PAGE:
/PreviewResourceUrl/preview/24978'>What Does It Mean To Measure. </a>This is a professional development session from the Learning Math series from Annenberg. Learners will begin to explore the questions "What can be measured?" and "What does it mean to measure something?" Learners identify measurable properties of objects such as weight, surface area, and volume, and discuss which metric units are appropriate for measuring these properties. Learners will also learn that measurement is, by its nature, approximate. Finally, learners will consider how to make measurements using nonstandard units. This session features a number of problems for learners to solve and open-ended questions to discuss, videos that demonstrate measurement techniques, and an interactive activity that asks learners to construct shapes using different size triangles to foster understanding of area and perimeter. There are also nine homework problems in which learners are asked to generate different measurements, graph measurements, and evaluate the appropriateness of the measurements generated using a data chart. Many of the professional development activities can be used directly in the classroom.</li>***<li><a href='

/PreviewResourceUrl/preview/7037'>Who Wants To Carry a Million. </a>"Students calculate the volume of a million dollars in 1$ bills and the dimensions of a box large enough to hold a million dollars" (from the Beacon Lesson Plan Library).</li>***<li><a href='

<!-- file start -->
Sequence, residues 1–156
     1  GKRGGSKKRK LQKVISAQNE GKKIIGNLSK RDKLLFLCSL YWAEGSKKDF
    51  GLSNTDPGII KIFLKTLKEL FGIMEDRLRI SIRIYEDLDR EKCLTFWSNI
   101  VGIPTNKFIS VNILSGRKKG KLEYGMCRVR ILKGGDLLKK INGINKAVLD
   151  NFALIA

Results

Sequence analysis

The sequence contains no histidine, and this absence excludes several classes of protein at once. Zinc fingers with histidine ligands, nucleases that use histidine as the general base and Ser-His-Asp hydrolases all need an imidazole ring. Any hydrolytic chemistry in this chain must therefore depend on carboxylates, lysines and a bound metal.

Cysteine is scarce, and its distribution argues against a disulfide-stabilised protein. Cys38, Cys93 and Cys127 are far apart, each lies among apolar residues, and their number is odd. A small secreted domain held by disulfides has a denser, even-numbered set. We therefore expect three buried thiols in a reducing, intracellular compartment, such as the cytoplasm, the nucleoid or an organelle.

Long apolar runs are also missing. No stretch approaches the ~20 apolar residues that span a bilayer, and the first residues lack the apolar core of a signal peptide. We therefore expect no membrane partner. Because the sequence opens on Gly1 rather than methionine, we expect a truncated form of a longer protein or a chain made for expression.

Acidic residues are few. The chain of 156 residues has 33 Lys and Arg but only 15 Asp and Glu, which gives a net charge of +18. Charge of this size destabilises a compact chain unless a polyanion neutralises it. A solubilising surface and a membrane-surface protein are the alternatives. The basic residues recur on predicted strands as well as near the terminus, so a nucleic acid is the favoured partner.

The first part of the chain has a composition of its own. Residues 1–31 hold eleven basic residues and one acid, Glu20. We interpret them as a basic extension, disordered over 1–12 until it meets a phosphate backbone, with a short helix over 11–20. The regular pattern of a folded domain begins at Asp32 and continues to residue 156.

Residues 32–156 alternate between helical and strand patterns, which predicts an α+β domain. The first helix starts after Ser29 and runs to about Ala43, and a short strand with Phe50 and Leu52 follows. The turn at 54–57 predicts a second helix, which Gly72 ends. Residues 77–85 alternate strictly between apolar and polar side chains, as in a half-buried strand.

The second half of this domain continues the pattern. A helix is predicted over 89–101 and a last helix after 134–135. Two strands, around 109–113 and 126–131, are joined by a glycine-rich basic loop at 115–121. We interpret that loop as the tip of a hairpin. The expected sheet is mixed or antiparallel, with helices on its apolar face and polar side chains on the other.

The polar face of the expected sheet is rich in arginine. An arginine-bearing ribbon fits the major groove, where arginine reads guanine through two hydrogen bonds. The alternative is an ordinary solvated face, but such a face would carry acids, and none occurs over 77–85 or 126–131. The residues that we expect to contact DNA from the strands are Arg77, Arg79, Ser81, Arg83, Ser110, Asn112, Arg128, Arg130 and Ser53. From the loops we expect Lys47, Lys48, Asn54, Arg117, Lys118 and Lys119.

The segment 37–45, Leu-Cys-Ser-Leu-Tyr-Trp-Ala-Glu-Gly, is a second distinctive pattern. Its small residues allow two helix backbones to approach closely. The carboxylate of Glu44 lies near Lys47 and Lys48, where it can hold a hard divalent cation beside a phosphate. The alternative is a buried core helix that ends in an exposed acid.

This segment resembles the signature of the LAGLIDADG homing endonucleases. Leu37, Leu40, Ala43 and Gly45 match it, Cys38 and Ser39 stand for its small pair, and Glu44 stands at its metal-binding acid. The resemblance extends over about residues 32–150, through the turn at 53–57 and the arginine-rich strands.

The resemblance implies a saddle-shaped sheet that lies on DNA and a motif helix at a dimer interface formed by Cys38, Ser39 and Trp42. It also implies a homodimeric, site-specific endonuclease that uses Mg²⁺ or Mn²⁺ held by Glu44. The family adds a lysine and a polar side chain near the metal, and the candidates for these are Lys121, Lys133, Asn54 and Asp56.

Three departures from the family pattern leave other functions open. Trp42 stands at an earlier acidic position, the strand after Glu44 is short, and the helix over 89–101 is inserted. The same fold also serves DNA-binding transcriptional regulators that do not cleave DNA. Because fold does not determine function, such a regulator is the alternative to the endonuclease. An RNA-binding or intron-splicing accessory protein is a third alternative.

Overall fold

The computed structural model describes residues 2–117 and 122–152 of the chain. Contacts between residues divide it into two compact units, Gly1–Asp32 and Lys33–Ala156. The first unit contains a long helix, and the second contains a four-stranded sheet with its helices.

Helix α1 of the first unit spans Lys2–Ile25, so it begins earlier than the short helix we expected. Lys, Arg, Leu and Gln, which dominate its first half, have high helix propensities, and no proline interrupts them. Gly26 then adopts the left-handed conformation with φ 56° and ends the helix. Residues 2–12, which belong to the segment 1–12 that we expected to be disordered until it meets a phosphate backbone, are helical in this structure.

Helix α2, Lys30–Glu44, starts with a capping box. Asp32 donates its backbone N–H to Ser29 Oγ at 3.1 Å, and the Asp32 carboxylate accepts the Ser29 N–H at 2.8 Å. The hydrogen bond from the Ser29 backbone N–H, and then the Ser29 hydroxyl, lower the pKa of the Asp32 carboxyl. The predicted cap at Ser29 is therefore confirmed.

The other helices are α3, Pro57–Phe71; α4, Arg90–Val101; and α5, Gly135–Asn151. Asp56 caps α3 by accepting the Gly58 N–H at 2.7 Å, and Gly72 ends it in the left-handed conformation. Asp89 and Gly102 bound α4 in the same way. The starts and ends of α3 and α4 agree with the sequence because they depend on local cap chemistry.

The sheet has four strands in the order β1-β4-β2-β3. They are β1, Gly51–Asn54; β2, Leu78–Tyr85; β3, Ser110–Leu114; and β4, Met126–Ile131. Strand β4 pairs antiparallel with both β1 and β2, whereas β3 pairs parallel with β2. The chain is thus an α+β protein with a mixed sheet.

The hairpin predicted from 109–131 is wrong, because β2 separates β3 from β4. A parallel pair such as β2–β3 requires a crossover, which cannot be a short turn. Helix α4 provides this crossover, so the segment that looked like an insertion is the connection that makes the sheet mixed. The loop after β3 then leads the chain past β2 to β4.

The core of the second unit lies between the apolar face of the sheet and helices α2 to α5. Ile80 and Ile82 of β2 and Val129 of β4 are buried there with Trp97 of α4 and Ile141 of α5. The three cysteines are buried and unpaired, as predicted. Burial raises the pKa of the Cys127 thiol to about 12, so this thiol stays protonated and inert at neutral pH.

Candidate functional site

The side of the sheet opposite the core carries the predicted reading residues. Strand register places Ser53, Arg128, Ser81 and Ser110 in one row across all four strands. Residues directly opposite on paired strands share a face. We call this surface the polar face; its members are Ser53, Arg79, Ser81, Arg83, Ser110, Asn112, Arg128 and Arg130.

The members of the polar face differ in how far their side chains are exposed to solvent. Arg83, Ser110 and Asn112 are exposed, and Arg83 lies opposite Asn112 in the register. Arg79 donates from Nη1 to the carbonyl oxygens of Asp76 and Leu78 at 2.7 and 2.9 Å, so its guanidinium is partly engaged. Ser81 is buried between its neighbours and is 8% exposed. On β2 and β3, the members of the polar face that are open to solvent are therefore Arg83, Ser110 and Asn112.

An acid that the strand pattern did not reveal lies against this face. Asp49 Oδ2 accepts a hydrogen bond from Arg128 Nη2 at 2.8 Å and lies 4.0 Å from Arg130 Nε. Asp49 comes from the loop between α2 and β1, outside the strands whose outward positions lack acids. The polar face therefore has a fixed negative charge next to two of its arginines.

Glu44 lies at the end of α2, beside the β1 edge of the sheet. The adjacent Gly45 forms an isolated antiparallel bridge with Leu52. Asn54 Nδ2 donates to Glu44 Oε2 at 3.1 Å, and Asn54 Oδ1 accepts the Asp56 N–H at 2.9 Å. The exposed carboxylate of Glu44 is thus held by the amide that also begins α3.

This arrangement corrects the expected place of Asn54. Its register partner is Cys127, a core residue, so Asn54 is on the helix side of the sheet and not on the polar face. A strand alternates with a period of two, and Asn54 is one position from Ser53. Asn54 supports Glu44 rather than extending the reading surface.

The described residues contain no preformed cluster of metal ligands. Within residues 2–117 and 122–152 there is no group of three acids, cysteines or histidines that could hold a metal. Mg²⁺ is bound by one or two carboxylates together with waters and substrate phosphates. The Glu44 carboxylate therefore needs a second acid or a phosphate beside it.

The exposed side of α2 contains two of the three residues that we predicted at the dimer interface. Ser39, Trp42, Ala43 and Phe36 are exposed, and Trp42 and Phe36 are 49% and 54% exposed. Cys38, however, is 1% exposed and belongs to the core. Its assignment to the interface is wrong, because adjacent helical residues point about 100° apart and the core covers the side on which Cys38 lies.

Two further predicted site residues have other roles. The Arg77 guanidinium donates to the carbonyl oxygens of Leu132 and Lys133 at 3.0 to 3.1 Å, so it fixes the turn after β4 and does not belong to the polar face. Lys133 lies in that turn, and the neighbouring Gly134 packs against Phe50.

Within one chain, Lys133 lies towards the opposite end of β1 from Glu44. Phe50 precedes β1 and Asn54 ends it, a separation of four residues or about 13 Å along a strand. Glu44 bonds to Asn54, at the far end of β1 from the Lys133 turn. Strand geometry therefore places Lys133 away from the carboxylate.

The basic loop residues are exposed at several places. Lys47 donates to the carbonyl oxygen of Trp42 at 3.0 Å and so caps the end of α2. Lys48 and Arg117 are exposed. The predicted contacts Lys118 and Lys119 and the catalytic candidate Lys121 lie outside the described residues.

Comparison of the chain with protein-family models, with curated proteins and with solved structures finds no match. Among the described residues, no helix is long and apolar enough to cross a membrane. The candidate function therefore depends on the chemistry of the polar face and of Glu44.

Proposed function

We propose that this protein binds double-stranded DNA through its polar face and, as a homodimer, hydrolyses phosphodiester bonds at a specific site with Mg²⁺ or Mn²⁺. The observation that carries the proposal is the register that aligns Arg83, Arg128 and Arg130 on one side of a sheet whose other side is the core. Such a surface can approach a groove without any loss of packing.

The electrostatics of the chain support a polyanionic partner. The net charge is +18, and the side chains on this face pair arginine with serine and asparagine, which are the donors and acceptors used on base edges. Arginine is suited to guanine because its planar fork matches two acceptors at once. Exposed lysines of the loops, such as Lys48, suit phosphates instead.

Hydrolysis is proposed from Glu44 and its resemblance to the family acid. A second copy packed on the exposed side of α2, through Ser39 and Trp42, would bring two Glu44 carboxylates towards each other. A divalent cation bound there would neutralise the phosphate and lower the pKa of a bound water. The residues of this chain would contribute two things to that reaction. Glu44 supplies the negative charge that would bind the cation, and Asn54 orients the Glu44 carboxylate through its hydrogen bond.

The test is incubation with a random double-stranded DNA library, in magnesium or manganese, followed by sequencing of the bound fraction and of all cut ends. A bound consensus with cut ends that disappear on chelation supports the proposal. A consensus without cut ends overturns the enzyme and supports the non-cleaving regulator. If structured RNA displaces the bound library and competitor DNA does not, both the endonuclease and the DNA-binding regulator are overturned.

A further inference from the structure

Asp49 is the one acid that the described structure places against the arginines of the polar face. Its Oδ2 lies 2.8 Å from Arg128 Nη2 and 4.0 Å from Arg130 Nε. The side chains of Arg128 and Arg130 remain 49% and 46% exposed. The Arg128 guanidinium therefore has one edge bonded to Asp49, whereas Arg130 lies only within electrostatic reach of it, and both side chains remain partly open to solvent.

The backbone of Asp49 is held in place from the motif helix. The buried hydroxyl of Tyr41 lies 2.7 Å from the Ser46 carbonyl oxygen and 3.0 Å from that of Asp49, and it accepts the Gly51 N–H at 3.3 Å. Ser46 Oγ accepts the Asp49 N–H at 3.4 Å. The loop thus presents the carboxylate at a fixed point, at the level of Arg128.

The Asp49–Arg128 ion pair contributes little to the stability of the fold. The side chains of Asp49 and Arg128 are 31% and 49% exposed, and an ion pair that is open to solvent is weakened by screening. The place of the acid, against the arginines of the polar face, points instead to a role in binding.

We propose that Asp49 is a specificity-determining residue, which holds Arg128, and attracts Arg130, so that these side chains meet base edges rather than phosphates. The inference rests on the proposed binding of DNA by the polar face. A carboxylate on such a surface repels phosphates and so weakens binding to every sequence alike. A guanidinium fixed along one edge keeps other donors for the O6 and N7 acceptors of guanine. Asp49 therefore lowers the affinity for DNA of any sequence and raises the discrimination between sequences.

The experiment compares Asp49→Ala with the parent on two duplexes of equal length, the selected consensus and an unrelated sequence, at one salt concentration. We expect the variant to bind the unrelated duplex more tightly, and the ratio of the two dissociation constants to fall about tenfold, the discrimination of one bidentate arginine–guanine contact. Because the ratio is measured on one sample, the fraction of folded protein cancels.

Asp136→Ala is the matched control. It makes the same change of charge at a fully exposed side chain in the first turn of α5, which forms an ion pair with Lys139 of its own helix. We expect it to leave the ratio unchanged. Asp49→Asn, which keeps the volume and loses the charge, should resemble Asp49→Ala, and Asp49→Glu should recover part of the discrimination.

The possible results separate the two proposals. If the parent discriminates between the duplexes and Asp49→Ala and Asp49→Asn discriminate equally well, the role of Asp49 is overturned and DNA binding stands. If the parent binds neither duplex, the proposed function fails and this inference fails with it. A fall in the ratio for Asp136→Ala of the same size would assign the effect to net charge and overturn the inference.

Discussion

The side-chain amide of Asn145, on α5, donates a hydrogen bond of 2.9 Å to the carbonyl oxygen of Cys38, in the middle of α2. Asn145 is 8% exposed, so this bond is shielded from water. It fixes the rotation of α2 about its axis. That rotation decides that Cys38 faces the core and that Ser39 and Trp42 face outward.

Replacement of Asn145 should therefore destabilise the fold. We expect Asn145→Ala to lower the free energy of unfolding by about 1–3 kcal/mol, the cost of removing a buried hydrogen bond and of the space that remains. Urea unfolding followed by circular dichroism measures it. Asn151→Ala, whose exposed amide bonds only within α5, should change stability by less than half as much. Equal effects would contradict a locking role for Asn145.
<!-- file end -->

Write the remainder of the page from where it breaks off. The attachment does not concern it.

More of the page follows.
/PreviewResourceUpload/preview/42594'>Sand Under the Swing Set :</a><p>The 7th graders at Sunview Middle School were helping to renovate a playground for the kindergartners at a nearby elementary school. City regulations require that the sand underneath the swings be at least 15 inches deep. The sand under both swing sets was only 12 inches deep when they started. The rectangular area under the small swing set measures 9 feet by 12 feet and required 40 bags of sand to increase the depth by 3 inches. How many bags of sand will the students need to cover the rectangular area under the large swing set if it is 1.5 times as long and 1.5 times as wide as the area under the small swing set?</p></li>***<li><a href='